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Genetic Influence of Toll-Like Receptors on Non-HIV Cryptococcal Meningitis: An Observational Cohort Study
39 Pages Posted: 24 Sep 2018More...
Background Cryptococcal meningitis (CM) is a significant source of mortality, the pathogenesis of which has not been fully understood, especially in non-HIV infected populations. We aimed to compare single nucleotide polymorphisms (SNPs) of Toll-like receptor (TLR) in non-HIV CM patients with those of healthy controls, and to assess the links among TLR SNPs, cytokine concentrations in cerebrospinal fluid (CSF), and clinical severity.
Methods This observational cohort study was done in 2 stages: a discovery stage and a validation stage. We conducted a case-control genetic association study between 159 non-HIV CM patients and 468 healthy controls. TLR SNPs significantly related to susceptibility were further validated in a second cohort of 583 subjects from a certain district. Cytokine concentrations in CSF were used to evaluate the in situ immune response of CNS after infection. Correlations among TLR SNPs, CSF cytokine concentrations, and clinical severity were validated in a third prospective cohort of 99 previously untreated non-HIV CM patients. Logistic regression model was used to determine the independent predictors for disease severity.
Findings In the discovery stage, the genotype distributions of 8 TLR SNPs in non-HIV CM patients exhibited a significant difference in comparison with controls, of which 3 SNPs remained statistically significant in patients without predisposing factors. In the validation stage, 5 of the 8 nominated TLR SNPs were found to influence CSF cytokine expression. Eighteen cytokines were significantly up-regulated in severely ill patients, among which 12 were affected by TLR2 rs3804099. The rs3804099 was also found in relation to disease severity. High IL-10 levels in CSF (OR 2*97, 95% CI 1*49-5*90; p=0*002) was suggested as an independent predictor for severity after adjusted for possible confounders.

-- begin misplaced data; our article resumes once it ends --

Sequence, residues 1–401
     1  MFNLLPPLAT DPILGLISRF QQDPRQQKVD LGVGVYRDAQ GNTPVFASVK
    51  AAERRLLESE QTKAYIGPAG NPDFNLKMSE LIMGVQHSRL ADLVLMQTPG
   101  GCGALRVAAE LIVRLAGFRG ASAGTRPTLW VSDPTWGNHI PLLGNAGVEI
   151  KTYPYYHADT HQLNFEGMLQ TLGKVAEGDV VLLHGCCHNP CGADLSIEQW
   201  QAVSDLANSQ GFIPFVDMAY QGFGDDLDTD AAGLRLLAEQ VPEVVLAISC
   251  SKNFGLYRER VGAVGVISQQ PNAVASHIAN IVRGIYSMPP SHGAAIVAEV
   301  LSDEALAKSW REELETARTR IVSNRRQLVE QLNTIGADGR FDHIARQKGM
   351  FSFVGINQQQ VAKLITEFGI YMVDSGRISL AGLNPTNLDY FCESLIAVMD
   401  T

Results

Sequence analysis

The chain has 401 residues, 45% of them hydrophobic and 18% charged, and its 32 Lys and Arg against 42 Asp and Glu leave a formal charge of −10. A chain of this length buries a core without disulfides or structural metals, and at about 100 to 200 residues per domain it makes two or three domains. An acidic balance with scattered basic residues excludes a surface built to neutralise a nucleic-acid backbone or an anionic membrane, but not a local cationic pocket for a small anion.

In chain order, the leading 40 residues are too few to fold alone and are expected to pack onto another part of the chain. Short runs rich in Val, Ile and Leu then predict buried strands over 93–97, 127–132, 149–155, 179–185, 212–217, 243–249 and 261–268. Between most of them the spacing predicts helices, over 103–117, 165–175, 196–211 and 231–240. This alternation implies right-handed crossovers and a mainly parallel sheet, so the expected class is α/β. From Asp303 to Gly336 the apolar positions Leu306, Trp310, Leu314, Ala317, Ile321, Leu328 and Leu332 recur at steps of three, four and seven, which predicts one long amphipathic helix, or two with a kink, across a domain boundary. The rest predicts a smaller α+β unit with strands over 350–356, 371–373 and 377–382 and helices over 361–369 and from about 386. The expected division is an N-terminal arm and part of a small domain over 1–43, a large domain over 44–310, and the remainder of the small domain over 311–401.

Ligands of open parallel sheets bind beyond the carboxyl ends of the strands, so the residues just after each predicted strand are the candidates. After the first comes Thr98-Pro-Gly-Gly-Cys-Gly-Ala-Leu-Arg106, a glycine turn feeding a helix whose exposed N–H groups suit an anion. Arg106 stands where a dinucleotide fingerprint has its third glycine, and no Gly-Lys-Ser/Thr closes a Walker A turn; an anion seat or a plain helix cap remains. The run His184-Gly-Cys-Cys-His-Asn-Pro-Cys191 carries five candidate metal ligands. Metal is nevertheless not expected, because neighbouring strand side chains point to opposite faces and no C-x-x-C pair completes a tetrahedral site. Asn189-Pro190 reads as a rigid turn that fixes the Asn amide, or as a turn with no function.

Interpretation TLR participate in both the occurrence and the pathogenesis of non-HIV CM. The in situ immune responses of CM were under genetic influence of TLR and contributed to disease severity. Our findings inform of an opportunity for early evaluation and treatment of non-HIV CM. TLR might also become a potential target on which to base host-directed immunotherapy.
Funding: National Natural Science Foundation of China and National Key Basic Research Program of China (973 Program).
Declaration of Interest: We declare no competing interests.
Ethical Approval: Ethical approval was obtained from the medical ethics committee of Huashan Hospital, Mengchao Hepatobiliary Hospital, Fujian HIV/AIDS Diagnosis and Treatment Center, and No. 476 Hospital of Fuzhou General Hospital.
Keywords: Toll-like receptor, genetic polymorphism, non-HIV cryptococcal meningitis, CSF cytokine
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